The Mookie Betts Trade Encapsulates John Henry’s Failure

Mookie Betts

John Henry, a man worth $2.2 billion dollars, traded away the second-best player in baseball during the prime of his career. Don’t let anyone tell you this is a good deal – it isn’t. Players like Mookie Betts come around once in a generation, and John Henry opted to trade away this generational talent for no reason other than greed. If you think this trade was justified because the Red Sox needed to clear payroll or because Betts wouldn’t re-sign, you’re wrong. The only reason the Red Sox traded away Mookie is that John Henry is a cheap, arrogant owner with absolutely no foresight.

John Henry Failed the Boston Red Sox, Mookie Betts

As of this posting, the Red Sox are expected to receive Alex Verdugo and Brusdar Graterol in exchange for Betts and David Price. This trade is a blatant salary dump, as nobody would ever argue that Verduga is anywhere near as good as Betts. The Red Sox had one of the highest payrolls in baseball, and John Henry would like you to think that he had to do this to stay under the luxury tax.

Unfortunately for Henry, there is absolutely nothing to back up that ridiculous notion. Unlike most major sports, baseball doesn’t have any sort of meaningful salary cap. In football, contracts are automatically voided if you cross a certain financial threshold. If baseball used that same type of system, then one could easily justify not investing this much money in one player. However, the only penalty for passing the luxury tax line is a small fine.

Last year, the Red Sox eclipsed the luxury tax line for the second straight season and had to pay a $13 million dollar fine. While $13 million dollars is a lot for you and me, it’s essentially nothing for a man worth literally billions of dollars running an organization which brings in over $500 million every single year. That $13 million fine was the largest in major league history and is still less than Rusney Castillo’s annual salary. Castillo, for those who don’t know, currently plays in Pawtucket and hasn’t been in the major leagues since 2016.

Anyone using money as an excuse for this move should stop giving a free pass to a billionaire. He can afford whatever he wants, and, as the owner, should be doing everything in his power to make the Red Sox as competitive as humanly possible. However, he clearly valued his 22nd beach house more than the best interest of the Boston Red Sox.

The Red Sox Could Keep Mookie Betts

One of the worst narratives in the world is that Mookie Betts didn’t want to stay in Boston. According to Henry supporters, Betts turning down a 10-year, $300 million contract was proof that he didn’t want to stay in Boston. However, once again, facts disprove this argument pretty easily.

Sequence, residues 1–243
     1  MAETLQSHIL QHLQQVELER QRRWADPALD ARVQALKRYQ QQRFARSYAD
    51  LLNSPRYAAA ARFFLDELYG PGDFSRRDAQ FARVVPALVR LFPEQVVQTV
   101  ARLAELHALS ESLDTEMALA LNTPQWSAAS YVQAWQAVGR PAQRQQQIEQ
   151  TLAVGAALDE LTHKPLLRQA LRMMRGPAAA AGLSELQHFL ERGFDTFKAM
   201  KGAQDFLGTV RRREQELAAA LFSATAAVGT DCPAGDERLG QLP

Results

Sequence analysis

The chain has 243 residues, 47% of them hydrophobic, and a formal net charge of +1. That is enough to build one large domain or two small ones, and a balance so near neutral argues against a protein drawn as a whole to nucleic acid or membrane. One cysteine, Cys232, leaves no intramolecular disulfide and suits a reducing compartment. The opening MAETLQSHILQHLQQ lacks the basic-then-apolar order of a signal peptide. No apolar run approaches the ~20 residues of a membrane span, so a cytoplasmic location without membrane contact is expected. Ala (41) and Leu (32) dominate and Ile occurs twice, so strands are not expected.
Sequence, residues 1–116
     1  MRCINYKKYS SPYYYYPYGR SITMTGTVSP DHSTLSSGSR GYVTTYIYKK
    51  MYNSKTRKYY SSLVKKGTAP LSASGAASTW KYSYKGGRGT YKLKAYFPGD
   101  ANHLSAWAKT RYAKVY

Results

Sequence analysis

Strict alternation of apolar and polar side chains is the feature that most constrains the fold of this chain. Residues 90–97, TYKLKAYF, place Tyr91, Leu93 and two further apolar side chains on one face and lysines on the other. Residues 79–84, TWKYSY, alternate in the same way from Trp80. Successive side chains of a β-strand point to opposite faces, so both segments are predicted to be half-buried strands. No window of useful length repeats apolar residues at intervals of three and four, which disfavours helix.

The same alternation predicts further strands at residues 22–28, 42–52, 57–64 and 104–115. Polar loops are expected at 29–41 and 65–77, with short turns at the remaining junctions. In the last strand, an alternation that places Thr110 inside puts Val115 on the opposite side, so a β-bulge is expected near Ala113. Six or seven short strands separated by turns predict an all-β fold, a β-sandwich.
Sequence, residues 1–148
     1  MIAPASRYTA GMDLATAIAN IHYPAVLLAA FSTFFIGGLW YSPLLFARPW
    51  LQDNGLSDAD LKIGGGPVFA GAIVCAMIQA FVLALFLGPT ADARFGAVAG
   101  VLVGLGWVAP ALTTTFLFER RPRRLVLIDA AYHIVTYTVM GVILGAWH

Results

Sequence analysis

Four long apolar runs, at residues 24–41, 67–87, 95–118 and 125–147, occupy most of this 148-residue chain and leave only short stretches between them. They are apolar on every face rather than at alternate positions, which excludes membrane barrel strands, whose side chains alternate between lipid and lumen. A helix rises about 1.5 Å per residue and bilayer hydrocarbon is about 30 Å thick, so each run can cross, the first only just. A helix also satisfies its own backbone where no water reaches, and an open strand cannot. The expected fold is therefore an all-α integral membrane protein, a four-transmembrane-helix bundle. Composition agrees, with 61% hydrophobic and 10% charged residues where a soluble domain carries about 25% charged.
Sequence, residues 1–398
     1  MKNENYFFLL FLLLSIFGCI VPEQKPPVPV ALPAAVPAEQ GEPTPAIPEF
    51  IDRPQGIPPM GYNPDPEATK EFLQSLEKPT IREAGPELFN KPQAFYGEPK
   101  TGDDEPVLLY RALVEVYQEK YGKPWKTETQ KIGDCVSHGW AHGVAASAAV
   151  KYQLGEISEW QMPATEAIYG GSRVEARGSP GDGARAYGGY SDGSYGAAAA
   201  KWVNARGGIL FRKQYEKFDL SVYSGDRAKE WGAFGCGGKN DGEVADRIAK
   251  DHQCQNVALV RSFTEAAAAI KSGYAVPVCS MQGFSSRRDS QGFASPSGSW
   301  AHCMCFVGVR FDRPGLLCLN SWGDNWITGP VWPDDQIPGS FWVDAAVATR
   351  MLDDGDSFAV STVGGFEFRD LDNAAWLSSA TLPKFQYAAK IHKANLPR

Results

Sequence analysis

It’s hard for most people to imagine, but Mookie Betts is worth far more than $300 million dollars. Betts has a genuine claim as the best non-Mike Trout player in baseball, and inferior players have received far larger payouts. Last offseason, Bryce Harper signed a 13-year, $330 million deal while Manny Machado took a $300 million deal of his own. Betts is easily better than those two and should easily see more money than both of those players.

If Betts really wanted to stay out of Boston, he wouldn’t have made a counter-offer of 12 years and $420 million. The Red Sox obviously weren’t going to match this figure, but the fact Betts even gave them a chance shows that he would come back if the money is right. Betts is going to go to the highest bidder in 2020, and there’s no reason for the Red Sox to be outbid.

Hilariously Poor Planning

It is possible to build a championship contender on a low budget, but you need to be smart with how you divide your resources. However, John Henry has the planning skills of a baboon and was remarkably reckless with his money. Less than one year ago, Henry decided to shell out a combined $212.5 million dollar for an average of $45.88 million per year to Chris Sale and Nathan Eovaldi.

Both players had major red flags and had no business getting extensions if Henry had plans of slashing payroll. Evoaldi was coming off a genuinely amazing postseason run and was one of the biggest reasons for Boston’s 2018 World Series title. However, he never proved capable of staying healthy for an extended period of time. To the surprise of nobody, Eovaldi spent most of the 2019 season on the injured list and spent the back half of the season pitching out of the bullpen.

Sale is one of the best pitchers of his time but showed clear signs of slowing down. Even in the prime of his career, Sale never demonstrated an ability to pitch at a high level deep into the season. Sale came out of the gate (relatively) slow in 2018, and rumors swirled that the Red Sox made Sale change his grip to minimize strain on his shoulder. Sale eventually returned to his old ways and looked like his old self…before suffering a shoulder injury in July. The lefty returned for the postseason but didn’t look anything like his dominant self.

Most pitchers tend to fall off a cliff after hitting 30, and Sale showed more warning signs than most. Nobody would have blamed Henry for waiting until after 2019 to extend Sale, yet Henry ignored all the warning signs and approved a massive extension.

In short, everything about the current state of the Red Sox is John Henry’s fault. The billionare owner decided to cheap out on the greatest homegrown talent since Ted Williams despite handing out massive contracts to undeserving players less than one year ago.

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